The article goes on to say that there is a course correction going on in high schools “which are beginning to re-emphasize vocational education, rebranded as career and technical education.”
Recently I read an excerpt in The Atlantic, of a book written by Bryan Caplan, an Economics professor at George Mason University in Fairfax, Virginia. The author of ‘The Case Against Education,’ Caplan believes “The world might be better off without college for everyone (because) students don’t seem to be getting much out of higher education;” and “… college is a big waste of time and money.”
Caplan points out that while he embraces the ideal of transformative education and believes in the life of the mind, he is cynical about people. He’s “… cynical about ‘deciders’ – school officials who control what students study. The vast majority think they’ve done their job as long as students comply.” He’s “… cynical about teachers; the vast majority are uninspiring,” and “ … most have little firsthand knowledge of the workplace.”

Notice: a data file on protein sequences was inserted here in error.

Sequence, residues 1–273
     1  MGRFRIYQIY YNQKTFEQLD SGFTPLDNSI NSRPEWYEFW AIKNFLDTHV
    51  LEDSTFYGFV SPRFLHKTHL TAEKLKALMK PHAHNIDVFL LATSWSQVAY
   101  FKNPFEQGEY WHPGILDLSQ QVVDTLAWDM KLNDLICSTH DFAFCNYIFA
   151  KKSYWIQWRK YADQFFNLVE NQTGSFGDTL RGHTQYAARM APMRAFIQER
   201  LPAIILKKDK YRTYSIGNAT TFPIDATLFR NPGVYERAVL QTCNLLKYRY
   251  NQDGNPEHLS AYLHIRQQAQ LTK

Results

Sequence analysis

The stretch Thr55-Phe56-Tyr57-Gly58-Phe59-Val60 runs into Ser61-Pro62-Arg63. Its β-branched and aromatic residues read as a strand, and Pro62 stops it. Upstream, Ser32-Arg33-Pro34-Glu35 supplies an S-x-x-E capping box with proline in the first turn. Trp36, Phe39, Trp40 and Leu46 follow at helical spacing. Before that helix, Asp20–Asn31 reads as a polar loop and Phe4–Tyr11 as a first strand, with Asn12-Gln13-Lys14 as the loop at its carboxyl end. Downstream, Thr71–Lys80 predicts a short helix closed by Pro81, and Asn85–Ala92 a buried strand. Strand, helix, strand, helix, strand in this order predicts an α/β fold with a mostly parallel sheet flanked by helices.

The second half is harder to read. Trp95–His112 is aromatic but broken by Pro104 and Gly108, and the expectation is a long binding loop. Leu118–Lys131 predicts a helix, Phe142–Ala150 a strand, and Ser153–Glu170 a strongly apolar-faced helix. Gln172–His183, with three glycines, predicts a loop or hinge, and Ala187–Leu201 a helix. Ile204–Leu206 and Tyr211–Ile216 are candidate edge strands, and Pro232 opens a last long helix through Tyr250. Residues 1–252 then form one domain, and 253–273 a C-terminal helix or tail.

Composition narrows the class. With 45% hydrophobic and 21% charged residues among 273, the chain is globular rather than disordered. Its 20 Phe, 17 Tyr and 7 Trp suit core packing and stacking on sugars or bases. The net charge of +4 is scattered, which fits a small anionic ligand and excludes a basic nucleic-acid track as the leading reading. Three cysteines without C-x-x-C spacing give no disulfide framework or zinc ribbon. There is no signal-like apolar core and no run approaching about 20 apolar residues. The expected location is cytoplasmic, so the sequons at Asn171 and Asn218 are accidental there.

Higher education, posits Caplan, “paves the way to general prosperity or social justice. But education enriches individuals much more than it enriches nations.” He adds that “ …there’s credit inflation: as the average level of education rises, you need more education to convince employers you’re worthy of any specific job;” that “a great majority of the extra education workers received was deployed not to get better jobs, but to get jobs that had recently been held by people with less education.”
As a parent who’s passionate about education and giving our children all the tools necessary for them to succeed in life, I find all these polls, stories, and trends deeply concerning. I’m sure most parents would agree with me that we should invest in the future and our children are our best hope for tomorrow. We would like to be able to leave our country’s, indeed our planet’s, future in capable hands.